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High Christchurch car numbers hurt green prospects


High Christchurch car numbers hurt green prospects

Christchurch needs to address how many cars are on its roads if it wants to become a green city, a visiting expert at Lincoln University says.

Dr Sergi Nuss Girona recently gained his PhD on low-carbon urban development, studying six green cities around the world, and has just completed five months at Lincoln working on a project about active transport (walking and cycling) in Christchurch.

He says Christchurch has 654 registered cars/vans for every 1000 inhabitants, whereas cities he studied with green credentials, such as Bologna (Italy) and Turku (Finland), both engaged in low-carbon development since the beginning of the 90s, are at 528 and 459 respectively.

Even more telling is the use of public transport— in Bologna and Turku it makes up 25 per cent and 17 per cent of their mobility, while in Christchurch it is only 3 per cent.

“This is too big a difference from a sustainability, climate action and long-term resilience point of view,” Dr Girona says.

The main target when becoming green is reducing the use of the private vehicle, and this means to design a city in which other mobility options have the same level of hierarchy of cars, if not more, he says.

He says research from the London School of Economics affirms that a city enters the green city approach when, in spite of high quality of life and a thriving economy, it is able to attain and maintain a low level car of ownership.

“Urban form is the cornerstone to this change (to a green city). Densification, mixed uses, public and socialising spaces, pedestrianisation and transit-oriented planning, and growing in a way which reinforces corridors for non-motorised modes and public services needs to be important in the planning system.”

He says there needs to be a brake applied to sprawl, at local and regional scale, as it is an ongoing threat in most cities.

“It increases road traffic, commuting time, social dispersion and leads to inefficiency of the whole energy system.

“My home town of Girona has 100,000 inhabitants in 12.65 square kilometres of developed land; Christchurch with a population of 362,000 expands into 607 square kilometres, 48 times the urban area of Girona for 3.6 times the amount of people.

“Can you imagine how much taxpayer money it requires in either place to maintain streets, water and sewage network, waste collection and public transport services, parks and street keep-up? And, in turn, how much money is available for other city needs? Of course, it is a significant effort for any city to go green, but in the long-run it is a more economical and efficient way to sustain urban quality.”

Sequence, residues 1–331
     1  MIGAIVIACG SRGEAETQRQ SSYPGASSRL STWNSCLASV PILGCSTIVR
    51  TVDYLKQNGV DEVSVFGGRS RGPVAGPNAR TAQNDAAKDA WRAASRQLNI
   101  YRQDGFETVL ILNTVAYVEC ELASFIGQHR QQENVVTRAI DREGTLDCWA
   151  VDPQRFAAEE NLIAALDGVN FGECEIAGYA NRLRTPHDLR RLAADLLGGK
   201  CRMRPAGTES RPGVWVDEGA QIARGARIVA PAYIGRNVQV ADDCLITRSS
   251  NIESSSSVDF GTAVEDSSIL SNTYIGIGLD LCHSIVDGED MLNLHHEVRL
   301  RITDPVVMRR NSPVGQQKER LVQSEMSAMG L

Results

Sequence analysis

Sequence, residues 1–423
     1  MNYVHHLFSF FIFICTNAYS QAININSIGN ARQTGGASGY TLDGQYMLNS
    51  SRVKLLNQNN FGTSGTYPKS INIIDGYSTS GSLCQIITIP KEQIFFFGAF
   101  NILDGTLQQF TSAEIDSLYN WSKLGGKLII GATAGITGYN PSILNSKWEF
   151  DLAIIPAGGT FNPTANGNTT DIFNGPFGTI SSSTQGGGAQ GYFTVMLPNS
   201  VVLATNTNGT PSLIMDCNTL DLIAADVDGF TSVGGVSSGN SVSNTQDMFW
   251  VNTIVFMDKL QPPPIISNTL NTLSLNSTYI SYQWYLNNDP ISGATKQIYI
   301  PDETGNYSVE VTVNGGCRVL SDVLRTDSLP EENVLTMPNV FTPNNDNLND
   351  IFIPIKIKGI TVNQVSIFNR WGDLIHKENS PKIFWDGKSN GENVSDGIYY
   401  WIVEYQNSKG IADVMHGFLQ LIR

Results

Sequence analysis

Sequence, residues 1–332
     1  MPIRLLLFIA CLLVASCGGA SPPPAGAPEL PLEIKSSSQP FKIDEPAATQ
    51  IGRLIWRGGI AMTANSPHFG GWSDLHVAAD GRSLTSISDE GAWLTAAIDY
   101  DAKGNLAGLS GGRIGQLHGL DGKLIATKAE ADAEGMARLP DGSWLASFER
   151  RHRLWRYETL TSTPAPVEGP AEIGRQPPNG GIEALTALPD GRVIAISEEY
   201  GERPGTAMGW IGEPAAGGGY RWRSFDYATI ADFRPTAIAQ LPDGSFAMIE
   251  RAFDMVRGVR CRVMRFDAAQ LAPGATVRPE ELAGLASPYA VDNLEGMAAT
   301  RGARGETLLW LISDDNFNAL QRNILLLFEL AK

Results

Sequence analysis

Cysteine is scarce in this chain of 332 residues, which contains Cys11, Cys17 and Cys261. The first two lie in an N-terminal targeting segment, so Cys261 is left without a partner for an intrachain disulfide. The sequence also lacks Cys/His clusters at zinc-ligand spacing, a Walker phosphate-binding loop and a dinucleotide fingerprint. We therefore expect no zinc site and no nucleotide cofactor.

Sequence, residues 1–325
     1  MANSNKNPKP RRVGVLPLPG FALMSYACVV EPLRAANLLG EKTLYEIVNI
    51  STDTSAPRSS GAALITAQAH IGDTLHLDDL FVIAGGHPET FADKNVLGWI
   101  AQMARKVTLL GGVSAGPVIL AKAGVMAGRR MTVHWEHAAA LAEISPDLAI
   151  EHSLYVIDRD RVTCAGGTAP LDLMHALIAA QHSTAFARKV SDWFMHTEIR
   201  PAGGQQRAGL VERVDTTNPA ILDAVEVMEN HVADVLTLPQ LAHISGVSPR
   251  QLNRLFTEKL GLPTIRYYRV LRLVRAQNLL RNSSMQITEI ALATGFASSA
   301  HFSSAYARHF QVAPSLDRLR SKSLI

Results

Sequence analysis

He cites another big factor in becoming green as energy usage from buildings.

“It is widely accepted that without thresholds on electricity use in both residential and commercial buildings, builders and owners will tend to choose the cheaper and less efficient option, despite in the long-term it will be more expensive and unsustainable.”

Transport and building energy together account for 70 per cent (and up to 90 per cent in some cases) of greenhouse gas emissions in cities, he says.

“Hence, energy performance in these two areas of urban management will make a great difference in the city's carbon footprint, and in the city's adaptability to a future with less access to cheap energy, in particular fossil fuels.

“The great challenge is that both efficient buildings and transportation depend on community engagement. They require the citizenship and economic stakeholders to adopt new patterns of urban lifestyle.”

He says there are a lot of advantages in becoming a green city.

In terms of liveability, these cities are less polluted, less noisy, with fewer accidents and are more equitable — particularly in terms of access to places, services and appropriate housing — for all types of population, regardless of age, income or physical capacities.

Green cities are also more attractive to clean-tech industries, business and tourism, by fostering innovative technologies and a well performing urban environment, in both aesthetic and functional terms.

“Last but not least, green cities are more adapted and resilient against the impacts of climate change, natural hazards, energy scarcity and economic crises, given form and material and energy flows are smaller in magnitude and less dependent on external supplies,” Dr Girona adds.

ends

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